But what form does this early training take in today's world? It begins with basic civility, because manners and morals are directly connected. As Horace Mann said, "Manners easily and rapidly mature into morals."4 The first tends to lead to the second. In centuries past, cultured and religious families understood this relationship. They were aware that girls and boys, and all of humanity, are flawed and inherently sinful. Thus, Old English and Early American societies worked diligently at teaching what were called the "social graces." Teaching manners was their highest priority because of the connection to Christian piety.
Alas, American and British cultures in the twenty-first century have swung to the other end of the continuum. Young girls are often allowed, and even encouraged, to be brash, rude, crude, profane, immodest, immoral, loud, and aggressive. Some of this behavior has been consciously taught in recent years under the rubric of "assertiveness training." To the extent that such programs were designed to instill confidence in bashful, frightened young women, I supported them. But some girls have been taught the worst characteristics of "uncivil" males. I know my words must sound horribly old-fashioned and archaic at this point, but there is something important here for us to consider.
Obviously, human nature has not improved much in the past several hundred years, nor will it ever. What has changed, as I have described, is that many parents have become far too distracted, overworked, and stressed out to care much about teaching morals and manners to children. Jolene Savage, who runs the Social Graces School of Etiquette in Topeka, Kansas, says society has reached an all-time low when it comes to matters of civility. Exhausted moms and dads seem not to have noticed what has happened to their children. Clearly, instruction in civility is needed now more than ever. Getting that done, however, can be a challenge. As the late dancer Fred Astaire said, "The hardest job kids face today is learning good manners without seeing any."5 If that is unfair in your case, please forgive him—and me.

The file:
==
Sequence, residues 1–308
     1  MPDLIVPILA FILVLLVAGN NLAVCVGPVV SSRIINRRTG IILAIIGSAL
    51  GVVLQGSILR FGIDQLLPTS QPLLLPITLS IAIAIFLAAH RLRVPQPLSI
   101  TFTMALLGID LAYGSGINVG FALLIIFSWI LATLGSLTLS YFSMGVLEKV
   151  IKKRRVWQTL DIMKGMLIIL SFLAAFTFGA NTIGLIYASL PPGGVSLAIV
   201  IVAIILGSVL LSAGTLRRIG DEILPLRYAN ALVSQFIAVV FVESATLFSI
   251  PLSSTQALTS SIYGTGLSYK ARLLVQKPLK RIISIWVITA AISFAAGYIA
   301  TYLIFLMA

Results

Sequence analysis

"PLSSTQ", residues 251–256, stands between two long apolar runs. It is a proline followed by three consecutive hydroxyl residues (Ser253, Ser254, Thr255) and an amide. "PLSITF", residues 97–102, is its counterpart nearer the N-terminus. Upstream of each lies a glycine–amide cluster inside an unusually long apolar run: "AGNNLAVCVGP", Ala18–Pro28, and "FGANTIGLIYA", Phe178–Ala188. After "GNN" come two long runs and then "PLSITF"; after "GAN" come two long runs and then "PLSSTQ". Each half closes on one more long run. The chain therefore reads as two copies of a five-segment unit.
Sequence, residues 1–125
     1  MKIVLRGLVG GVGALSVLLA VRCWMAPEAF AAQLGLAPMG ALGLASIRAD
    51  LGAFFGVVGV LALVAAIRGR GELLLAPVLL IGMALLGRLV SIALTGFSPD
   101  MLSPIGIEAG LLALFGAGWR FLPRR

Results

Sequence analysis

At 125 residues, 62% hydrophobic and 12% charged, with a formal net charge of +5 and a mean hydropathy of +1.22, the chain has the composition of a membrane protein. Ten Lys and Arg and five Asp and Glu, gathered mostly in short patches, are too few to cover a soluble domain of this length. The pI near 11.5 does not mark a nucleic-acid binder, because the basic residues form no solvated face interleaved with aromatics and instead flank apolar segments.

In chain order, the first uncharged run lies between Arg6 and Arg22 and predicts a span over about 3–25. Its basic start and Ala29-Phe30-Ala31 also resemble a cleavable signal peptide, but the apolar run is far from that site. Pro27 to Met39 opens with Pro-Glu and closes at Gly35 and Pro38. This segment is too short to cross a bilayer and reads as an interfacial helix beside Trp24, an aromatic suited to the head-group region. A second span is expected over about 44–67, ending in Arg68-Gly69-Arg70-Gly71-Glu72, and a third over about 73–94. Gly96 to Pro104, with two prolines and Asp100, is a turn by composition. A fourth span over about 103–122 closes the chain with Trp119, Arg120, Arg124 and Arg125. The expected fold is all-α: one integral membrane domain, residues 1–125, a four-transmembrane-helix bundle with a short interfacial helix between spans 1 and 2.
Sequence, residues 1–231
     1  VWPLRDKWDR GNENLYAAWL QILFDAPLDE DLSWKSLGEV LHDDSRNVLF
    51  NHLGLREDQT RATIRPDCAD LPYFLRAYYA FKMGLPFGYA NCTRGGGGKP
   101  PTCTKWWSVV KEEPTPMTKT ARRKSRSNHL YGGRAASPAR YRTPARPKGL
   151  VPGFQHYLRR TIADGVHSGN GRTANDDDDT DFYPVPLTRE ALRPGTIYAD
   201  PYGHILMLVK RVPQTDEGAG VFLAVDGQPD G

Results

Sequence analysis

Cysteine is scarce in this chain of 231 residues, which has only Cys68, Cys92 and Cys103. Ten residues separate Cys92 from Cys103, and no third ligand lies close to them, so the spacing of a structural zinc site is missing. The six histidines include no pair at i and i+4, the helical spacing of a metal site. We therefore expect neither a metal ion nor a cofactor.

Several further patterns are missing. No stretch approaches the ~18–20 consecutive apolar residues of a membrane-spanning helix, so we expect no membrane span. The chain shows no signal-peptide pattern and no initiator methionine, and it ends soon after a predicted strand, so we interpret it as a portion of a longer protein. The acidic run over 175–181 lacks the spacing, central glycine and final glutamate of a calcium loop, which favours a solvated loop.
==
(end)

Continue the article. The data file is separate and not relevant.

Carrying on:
Once again, speaking directly to mothers, it is your job to acculturate your daughters and to help them become ladies. Does that sound chauvinistic in our high-tech world? I suppose it does, but even so, it makes sense. As Lisa Fischer, an instructor at the Final Touch Finishing School in Seattle, Washington, says, "Etiquette has to do with knowing the rules."6 Therefore, girls should be taught how to eat, talk, walk, dress, converse on the telephone, and respond to adults with respect and poise. Parents should demonstrate good posture and table manners for them, such as putting a napkin in the lap, showing them
where to place silverware, and not talking with food in their mouths. They should also explain that burping, gobbling food, and picking teeth are rude.
I also firmly believe that you should require your kids to say thank you and please, to demonstrate that ours is not a "gimme-gimme world." Appreciation is an attitude best cultivated at home. Teach techniques of personal grooming, hygiene, and nutrition. Role-play with them about being gracious hosts and how to formally introduce parents or friends to each other. Require them to excuse themselves when leaving the table, and explain how to make friends, how to take turns talking in a group, and how to make eye contact. You might even help them learn how to cook and care for children. Wouldn't that be something novel?
1.John Adams and Charles Francis Adams, The Works of John Adams, Second President of the United States (Boston: Little, Brown & Company, 1865), 171.
2.John Adams, quoted in his address to U.S. military forces, October 11, 1798; see http://oll.libertyfund.org/?option=com_staticxt&staticfile=show.php%3Ftitle=2107&chapter=161247&layout=html&Itemid=27%3chttps://fofmail.fotf.org/exchweb/bin/redir.asp?URL=http://oll.libertyfund.org/?option=com_staticxt%26staticfile=show.php%253Ftitle=2107%26chapter=161247%26lay out=html%26Itemid=27.
3.Abraham Lincoln, the Gettysburg Address (November 19, 1863).
4.Horace Mann, The Common School Journal: For the Year 1847, vol. IX (Boston: William B. Fowle,
5.Quoted in E. D. Hill, I'm Not Your Friend, I'm Your Parent: Helping Your Children Set the
Boundaries They Need . . . and Really Want (Nashville: Thomas Nelson Publishers, 2008), 16.
Book: Bringing Up Girls
By Dr. James Dobson